I have lice. I’m sharing this with you partly because I regard my faithful readers as also being among my closest, most supportive friends. And lice are indeed a headache.
If you’ll pardon the pun. (Sort of.)
Sympathy is in order here.
There is also something of a point to my sharing this really rather unnecessary detail. Not too long go, I had what I regarded as a paranoid fear about this. As it turns out, I wasn’t mistaken. I wasn’t over-reacting. I wasn’t being paranoid. I indeed had lice.
I hate when I’m right and think I’m wrong. It reeks of missed opportunities and might-have-beens. It’s worse than when I think I’m right and turn out to be wrong. I expect that. Being wrong is inevitable.
My failure to realize I was right had something to do with conflicting bodies of evidence in my own mind.
On the one hand, I knew the extremely low probability of my coming into contact with lice, given that I don’t have small children or even any contact with small children and I don’t spend time rubbing my head indiscriminately against other people just to see what will happen. And it’s difficult to get lice from inanimate objects.
On the other hand, there was my suspiciously itchy head and a vague visual flash of a lice shampoo seen most recently in the drug store where I had waited a long time in an upholstered chair for a prescription, my head tilted back with fatigue. That image, coupled with the thought, “This is where people come to buy lice treatment.”
Did I see someone holding lice shampoo in their hand at the checkout line ahead of me? Is that why the image flashed into my mind? Hard to know where these small details come from, or what they mean sometimes.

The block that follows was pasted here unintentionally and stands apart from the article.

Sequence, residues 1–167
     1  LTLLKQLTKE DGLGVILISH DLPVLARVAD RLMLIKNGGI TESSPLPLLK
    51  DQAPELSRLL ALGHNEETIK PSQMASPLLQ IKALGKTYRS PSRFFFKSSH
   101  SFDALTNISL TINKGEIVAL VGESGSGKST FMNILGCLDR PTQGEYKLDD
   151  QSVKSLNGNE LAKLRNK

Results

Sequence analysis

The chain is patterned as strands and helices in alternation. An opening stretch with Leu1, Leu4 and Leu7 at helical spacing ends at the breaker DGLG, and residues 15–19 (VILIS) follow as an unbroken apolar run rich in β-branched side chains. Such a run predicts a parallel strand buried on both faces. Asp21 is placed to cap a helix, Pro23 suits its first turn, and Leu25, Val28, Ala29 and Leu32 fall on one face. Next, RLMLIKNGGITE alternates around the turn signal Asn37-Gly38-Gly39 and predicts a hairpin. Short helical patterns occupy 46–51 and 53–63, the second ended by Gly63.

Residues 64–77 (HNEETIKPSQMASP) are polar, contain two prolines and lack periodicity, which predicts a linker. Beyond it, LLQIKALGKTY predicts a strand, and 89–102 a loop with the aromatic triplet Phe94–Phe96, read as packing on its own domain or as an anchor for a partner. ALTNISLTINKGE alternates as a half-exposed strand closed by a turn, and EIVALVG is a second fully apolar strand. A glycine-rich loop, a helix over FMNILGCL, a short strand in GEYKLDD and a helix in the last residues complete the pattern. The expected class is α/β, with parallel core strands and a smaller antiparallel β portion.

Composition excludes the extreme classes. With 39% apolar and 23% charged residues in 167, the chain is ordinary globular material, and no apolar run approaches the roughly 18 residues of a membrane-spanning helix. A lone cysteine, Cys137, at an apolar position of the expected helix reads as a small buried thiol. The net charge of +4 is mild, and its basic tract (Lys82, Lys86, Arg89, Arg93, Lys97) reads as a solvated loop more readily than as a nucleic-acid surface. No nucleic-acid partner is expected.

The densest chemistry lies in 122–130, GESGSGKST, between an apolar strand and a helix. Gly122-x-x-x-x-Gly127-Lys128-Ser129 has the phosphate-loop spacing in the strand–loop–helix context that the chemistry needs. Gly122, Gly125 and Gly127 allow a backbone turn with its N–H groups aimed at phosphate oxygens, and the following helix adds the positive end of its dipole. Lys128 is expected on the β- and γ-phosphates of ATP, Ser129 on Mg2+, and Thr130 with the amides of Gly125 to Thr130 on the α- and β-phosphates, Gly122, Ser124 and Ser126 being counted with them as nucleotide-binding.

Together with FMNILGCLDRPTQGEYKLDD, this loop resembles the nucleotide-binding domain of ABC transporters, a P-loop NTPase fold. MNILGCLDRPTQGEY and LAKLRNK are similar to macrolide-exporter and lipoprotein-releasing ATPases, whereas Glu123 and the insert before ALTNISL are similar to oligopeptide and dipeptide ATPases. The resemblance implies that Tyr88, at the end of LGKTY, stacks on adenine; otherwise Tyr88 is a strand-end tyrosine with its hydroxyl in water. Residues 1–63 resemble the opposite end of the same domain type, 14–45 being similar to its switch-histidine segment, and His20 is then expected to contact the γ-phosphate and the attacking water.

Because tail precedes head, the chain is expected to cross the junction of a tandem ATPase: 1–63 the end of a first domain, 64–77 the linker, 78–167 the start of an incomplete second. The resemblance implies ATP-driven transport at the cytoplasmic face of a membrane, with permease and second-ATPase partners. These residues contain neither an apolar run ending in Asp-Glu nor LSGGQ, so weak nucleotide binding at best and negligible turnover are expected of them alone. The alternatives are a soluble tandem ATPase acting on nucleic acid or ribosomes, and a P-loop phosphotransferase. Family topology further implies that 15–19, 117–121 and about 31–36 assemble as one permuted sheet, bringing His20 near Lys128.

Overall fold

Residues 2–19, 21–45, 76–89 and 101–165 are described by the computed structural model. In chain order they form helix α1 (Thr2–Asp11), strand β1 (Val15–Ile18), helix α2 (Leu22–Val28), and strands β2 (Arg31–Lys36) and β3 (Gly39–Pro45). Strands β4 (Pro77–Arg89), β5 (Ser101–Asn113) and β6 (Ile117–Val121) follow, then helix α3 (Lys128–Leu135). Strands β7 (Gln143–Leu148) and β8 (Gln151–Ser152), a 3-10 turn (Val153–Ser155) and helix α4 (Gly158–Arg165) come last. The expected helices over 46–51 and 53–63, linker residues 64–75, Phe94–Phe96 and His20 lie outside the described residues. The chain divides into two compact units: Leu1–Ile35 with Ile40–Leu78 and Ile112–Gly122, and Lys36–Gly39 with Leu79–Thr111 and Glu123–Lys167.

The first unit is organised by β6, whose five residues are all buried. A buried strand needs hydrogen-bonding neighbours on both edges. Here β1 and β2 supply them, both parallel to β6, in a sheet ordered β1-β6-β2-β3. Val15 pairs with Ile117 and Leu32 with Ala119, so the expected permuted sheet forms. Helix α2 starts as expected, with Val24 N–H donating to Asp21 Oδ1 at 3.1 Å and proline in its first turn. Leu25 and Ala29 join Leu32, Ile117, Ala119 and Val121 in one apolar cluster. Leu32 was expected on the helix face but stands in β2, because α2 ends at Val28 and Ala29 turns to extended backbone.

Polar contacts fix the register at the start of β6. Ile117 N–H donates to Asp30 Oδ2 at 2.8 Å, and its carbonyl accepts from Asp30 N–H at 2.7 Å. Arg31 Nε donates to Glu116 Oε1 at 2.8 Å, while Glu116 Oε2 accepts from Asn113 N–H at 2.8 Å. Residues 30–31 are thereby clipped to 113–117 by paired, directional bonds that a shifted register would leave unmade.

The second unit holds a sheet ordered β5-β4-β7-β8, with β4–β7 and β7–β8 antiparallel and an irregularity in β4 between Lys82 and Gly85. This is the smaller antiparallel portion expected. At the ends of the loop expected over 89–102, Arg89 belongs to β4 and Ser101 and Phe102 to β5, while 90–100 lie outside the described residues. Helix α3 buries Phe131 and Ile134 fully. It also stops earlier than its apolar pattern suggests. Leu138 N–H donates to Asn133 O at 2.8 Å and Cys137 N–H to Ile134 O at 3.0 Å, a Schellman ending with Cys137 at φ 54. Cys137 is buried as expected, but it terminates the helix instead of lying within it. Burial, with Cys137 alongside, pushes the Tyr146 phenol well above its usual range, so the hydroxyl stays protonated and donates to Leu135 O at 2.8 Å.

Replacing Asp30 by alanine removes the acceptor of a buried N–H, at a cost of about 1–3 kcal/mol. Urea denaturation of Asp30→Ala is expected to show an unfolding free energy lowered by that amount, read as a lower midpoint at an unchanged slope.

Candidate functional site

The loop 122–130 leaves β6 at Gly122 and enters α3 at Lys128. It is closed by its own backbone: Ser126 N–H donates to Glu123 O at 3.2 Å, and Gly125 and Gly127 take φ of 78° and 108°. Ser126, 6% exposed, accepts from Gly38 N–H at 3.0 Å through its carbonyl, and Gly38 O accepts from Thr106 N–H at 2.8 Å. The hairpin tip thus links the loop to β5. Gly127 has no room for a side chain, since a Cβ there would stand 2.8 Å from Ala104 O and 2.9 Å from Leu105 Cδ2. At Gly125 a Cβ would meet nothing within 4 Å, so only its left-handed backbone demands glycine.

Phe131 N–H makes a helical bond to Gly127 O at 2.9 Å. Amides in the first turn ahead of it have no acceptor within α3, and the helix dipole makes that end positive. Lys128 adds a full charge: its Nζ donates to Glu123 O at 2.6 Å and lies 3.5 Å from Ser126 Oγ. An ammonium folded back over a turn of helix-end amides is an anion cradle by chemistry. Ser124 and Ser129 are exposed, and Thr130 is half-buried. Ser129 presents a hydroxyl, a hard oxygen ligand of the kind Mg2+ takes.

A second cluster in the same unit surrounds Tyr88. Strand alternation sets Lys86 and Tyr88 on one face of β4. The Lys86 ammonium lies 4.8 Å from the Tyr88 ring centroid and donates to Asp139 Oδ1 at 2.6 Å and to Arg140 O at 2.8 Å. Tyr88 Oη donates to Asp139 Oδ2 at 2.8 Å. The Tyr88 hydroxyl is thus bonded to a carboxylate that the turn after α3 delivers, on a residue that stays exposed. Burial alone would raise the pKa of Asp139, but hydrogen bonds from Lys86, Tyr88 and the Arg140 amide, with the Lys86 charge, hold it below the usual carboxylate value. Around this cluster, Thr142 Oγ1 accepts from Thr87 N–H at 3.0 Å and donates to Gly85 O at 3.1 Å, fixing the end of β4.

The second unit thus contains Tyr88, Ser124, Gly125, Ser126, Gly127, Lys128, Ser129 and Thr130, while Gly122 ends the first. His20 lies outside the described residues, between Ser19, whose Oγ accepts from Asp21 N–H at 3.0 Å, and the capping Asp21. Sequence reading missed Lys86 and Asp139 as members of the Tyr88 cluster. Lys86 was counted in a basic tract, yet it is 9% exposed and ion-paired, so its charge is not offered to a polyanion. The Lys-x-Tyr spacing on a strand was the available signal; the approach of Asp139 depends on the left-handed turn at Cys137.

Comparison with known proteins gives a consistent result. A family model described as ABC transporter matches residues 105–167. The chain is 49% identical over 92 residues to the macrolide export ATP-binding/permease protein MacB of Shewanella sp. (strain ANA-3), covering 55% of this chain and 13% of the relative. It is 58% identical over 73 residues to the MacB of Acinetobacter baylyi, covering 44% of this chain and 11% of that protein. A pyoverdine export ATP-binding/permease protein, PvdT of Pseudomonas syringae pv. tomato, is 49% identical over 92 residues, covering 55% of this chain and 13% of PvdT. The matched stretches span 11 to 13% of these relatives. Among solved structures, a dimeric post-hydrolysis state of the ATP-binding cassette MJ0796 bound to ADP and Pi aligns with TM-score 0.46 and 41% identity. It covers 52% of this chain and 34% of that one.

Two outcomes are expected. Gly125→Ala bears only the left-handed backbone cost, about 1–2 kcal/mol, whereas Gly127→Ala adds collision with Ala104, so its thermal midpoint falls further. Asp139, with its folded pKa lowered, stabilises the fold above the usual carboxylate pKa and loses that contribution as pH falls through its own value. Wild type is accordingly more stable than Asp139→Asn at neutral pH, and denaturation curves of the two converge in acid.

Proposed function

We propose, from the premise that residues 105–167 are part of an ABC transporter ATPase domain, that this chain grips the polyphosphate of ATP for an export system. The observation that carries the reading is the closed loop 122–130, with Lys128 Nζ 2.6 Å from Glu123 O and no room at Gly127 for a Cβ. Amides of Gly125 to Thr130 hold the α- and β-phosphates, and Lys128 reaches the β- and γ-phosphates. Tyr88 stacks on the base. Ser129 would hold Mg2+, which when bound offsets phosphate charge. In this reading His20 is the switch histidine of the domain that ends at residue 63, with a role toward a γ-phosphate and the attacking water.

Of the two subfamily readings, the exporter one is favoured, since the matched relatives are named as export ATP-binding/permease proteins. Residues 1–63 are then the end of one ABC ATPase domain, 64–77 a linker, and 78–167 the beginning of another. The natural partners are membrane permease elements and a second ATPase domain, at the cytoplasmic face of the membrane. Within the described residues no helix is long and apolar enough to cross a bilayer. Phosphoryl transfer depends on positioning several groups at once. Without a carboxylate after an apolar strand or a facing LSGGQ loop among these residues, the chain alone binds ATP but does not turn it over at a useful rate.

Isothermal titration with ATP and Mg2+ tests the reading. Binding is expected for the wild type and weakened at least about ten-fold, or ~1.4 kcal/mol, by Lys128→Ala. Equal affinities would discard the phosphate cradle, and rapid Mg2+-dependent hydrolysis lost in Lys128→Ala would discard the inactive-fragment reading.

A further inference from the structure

I erred on the side of probability. Fair enough. Except that the consequences for not paying attention to that little inner nudge that maybe I had beaten the odds were unpleasantly high. My head has been itching for two months now. I am now in a place with fewer effective treatments for it, and getting rid of them once and for all will take effort and a great deal of patience.
Also, it’s damn cold. Combing out lice is a lot easier with wet hair, which tends to make things seem colder. Especially when you’re sitting wet in the “shower” lathering up your hair in between pours of hot water over your body from a bucket. (Yes, there is an actual shower head. No, I don’t use it.)
My life now revolves around combing lice out of my hair before they can breed and multiply. This, I see as a state well worth having avoided.
On the other hand, what would the consequences have been of taking my paranoia more seriously if I hadn’t had lice? An unnecessary trip back to the drug store and a comb through the hair with a lice comb. Yes, I was really busy and didn’t have time for another drug store trip. Yes, I still could have done it. I wish I had.
But what if I had taken this approach? When in doubt, gather more information. (Get the lice comb. See if you actually have lice. Then proceed.)
I have another thought about this, as well. My mistakes have not, so far, been very life-threatening. I have had some near-misses, but to a one, they have not resulted in death. This may be obvious, but given how many times I might have died and didn’t, I think I’m doing pretty well for myself.
And that’s really what counts. I am not always right. In fact, I’m wrong a good lot of the time. But when it comes to life-and-death decisions, I’ve come out on top of things. More than once. So maybe it’s okay to be wrong sometimes.
There’s always something more to learn, isn’t there?